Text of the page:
In a new study entitled “Natural Variation in Gene Expression Modulates the Severity of Mutant Phenotypes,” researchers show that disease severity in genetic disorders such as Cystic Fibrosis depends on the genetic background of individuals and not solely on the genetic defect of a particular gene. These findings establish patients’ genetic background as a determinant of disease severity and in the future will allow doctors to differentiate patients at higher risks for complications. The study was published in the journal Cell.
Genetic disorders like Cystic Fibrosis are caused by mutations, i.e., a permanent alteration within a gene sequence. Notably, two individuals inheriting the same mutation often exhibit differences in the severity of the mutation-associated phenotype. This suggests that the genetic background, i.e., the genotype of all other related genes may interact with the gene mutated gene in different ways, leading to different outcomes. However, how a patient’s genetic background changes mutant phenotypes is poorly understood, but is paramount for predicting how severe a certain disease may become in a specific patient.
Professor Andy Fraser, a at the University of Toronto’s Donnelly Centre and study lead author noted, “At present we can tell little more than that someone will get a genetic disease, but cannot tell them how bad this might be. This is a bit like telling someone that they will have a car crash but not whether this will be a mild bump or a major crash. Changing this uncertainty helps patients greatly and also lets doctors focus on those likely to be most severely affected.”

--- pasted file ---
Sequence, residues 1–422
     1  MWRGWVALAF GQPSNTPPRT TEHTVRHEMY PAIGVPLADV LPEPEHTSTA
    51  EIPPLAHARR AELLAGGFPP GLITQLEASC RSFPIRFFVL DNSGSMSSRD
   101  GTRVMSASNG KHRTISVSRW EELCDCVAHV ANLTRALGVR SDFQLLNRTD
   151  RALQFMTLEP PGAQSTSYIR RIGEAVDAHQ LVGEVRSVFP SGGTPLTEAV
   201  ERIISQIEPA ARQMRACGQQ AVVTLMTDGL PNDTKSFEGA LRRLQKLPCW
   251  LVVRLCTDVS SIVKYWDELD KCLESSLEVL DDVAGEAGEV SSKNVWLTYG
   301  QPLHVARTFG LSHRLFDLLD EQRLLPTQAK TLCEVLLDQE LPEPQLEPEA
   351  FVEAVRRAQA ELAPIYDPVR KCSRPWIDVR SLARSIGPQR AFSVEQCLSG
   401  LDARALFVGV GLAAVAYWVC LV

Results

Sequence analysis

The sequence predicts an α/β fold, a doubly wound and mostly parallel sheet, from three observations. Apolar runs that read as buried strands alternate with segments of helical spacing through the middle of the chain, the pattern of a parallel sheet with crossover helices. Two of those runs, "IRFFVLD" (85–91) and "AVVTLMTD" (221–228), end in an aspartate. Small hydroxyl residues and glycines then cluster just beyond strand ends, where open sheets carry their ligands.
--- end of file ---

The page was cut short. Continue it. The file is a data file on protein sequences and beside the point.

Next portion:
In this recent study, the team of researchers at the University of Toronto in Canada performed experiments with a worm known as C. elegant, a key laboratory model organism, as explained by Dr. Fraser, “Worms are the only animals in which we could do this massive scale of experiments to investigate how genetic background affects the severity of genetic disorders.”
They found that disease severity depends on the genetic background, with 20% of approximately 1,400 genes tested C. elegans genes resulting in different in phenotypes between two different genetic backgrounds. These results were then validated in mammalian cells.
The implications of these findings for genetic diseases, including Cystic Fibrosis are critical, because it in the future it will allow clinicians to predict disease severity in a particular individual, as explained by Dr. Fraser, “Now for the first time we can begin to predict disease severity for each affected person by measuring their unique personal gene activity. We hope that this will eventually lead to new therapies aimed at turning down the severity of genetic diseases, a new way to tackle these life-threatening conditions.”